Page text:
This blog post is only going to consist of the directions on how to make your cover template using Word. I know many of you will drop off after you get it, and that’s cool. You just want the formula for those sweet text boxes, and I understand that completely. So without further ado . . .
Before we go into creating a new Word file, you need to have some numbers handy:
First, your spine width. We already have that figured out, right? (Running to Love’s was .64″.)
Second, what is the trim size of your book? Did you decide 5×8, 6×9? We need it to calculate the size for the Page Layout:
(Width of trim size x 2) + spine width = Width of cover trim size
I would choose 5×8, so Running to Love’s Width would be 5×2+.64, so 10+.64= 10.64
(What you are doing is adding the width of the back cover, the width of the spine, the width of the front cover.)
Height of your trim size = Height of cover
Running to Love’s would be 8.
Add .25 to both: (These are the measurements you’ll need for Step One, below.)
Width ( 10.64 + .25 = 10.89 )
and Height ( 8 + .25 = 8.25 )
This is for bleed so that your images are going all the way to the edge of the cover. Make sure your text is not near the edge of the text boxes or it will be in the bleed area and may get cut off during printing.
Keep your text out of the red areas. The template you’re making won’t have the red areas, so you’ll have to guess.
Now that you have the dimensions you’ll need I’ll type out the instructions.
Open a new Word Document. (I’m using Office 365.)
Please remember to save often.
1. Set the paper size in the Page Setup Menu in Layout. In Page Setup, choose more Page Sizes at the bottom of the list, and enter the width and height for your cover file. Ignore the error message if you get one.
2. In the Layout Menu under the Page Setup tab, set Margins (choose custom margins at the bottom of the menu) to 0. I didn’t get an error message, but I’m using Office 365. Just ignore it if you get one.
3. Under the Insert Tab, choose Text Box, and make one text box. Change the dimensions to the cover of your book: 5×8, 6×9, etc. This will be your front cover.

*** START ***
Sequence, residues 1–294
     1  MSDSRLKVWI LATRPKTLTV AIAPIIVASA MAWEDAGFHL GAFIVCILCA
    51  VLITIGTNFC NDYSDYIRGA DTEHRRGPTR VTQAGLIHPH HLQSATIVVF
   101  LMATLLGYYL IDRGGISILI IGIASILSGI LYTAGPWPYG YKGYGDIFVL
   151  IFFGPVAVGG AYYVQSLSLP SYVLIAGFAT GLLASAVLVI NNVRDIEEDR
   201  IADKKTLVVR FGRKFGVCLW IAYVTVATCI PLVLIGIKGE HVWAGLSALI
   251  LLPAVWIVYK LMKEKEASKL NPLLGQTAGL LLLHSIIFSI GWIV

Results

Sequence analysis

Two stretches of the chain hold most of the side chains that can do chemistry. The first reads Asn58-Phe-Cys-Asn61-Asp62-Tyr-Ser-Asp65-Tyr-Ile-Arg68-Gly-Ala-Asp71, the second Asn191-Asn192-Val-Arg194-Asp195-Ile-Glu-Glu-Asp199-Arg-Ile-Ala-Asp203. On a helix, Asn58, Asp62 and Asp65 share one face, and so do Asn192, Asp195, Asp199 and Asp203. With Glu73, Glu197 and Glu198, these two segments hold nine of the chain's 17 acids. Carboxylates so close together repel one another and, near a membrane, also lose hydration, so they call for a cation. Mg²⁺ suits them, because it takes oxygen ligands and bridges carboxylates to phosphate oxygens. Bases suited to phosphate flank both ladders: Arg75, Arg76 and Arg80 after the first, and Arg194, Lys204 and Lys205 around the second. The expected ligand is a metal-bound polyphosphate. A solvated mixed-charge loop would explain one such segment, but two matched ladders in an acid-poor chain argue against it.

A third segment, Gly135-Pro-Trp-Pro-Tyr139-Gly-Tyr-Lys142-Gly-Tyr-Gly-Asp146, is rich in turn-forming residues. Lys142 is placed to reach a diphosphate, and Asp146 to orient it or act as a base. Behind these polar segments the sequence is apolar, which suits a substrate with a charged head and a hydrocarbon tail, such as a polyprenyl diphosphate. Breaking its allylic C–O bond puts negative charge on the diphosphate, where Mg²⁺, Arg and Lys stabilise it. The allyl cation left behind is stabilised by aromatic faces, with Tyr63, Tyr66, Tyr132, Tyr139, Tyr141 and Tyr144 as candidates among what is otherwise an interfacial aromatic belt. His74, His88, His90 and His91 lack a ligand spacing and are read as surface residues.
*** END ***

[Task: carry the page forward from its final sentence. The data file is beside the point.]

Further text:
4. Insert another text box that will be the spine. Use the width you calculated, and the height is the same.
5. Insert another text box that will be the back cover:
If they don’t fit, move them around. The lines of the right side of the back cover and the left side of the spine will overlap to look like one line. The same with the right side of the spine and the left side of the front cover. If your mouse isn’t accurate, or your hand is shaky, use the arrow keys on your keyboard.
It’s very important that you move these boxes, not stretch them so they touch–that changes their size and will distort your cover.
6. Add a barcode box. A quick search says they are: width 2″ and height 1.2″ The template above also has the dimensions in the yellow barcode box. Use a small .25″ x .25″ to place the barcode box, then delete it. Zoom in so you are accurate. You don’t want to have CreateSpace move it because that might mess up what you’ve got going on back there. They may not even move it, they may just tell you to redo it. Let’s not find out.
So this is the finished product. Keep copies of it everywhere because you’ll be able to use it for other books. You’ll need to change the Page Layout dimensions to change the spine because your books won’t all the be the same length, and the front and back text box dimensions, if you change your trim size. There is a bit of math involved, but please remember to have a finished and formatted manuscript before you do any of that.
I think that’s it.
The next blog post will be about inserting a picture on the front cover. I’ve been on the lookout for a while for covers that simply use a picture with text on top of it for title and Author’s name. Surprisingly, you can make some very pretty covers. 🙂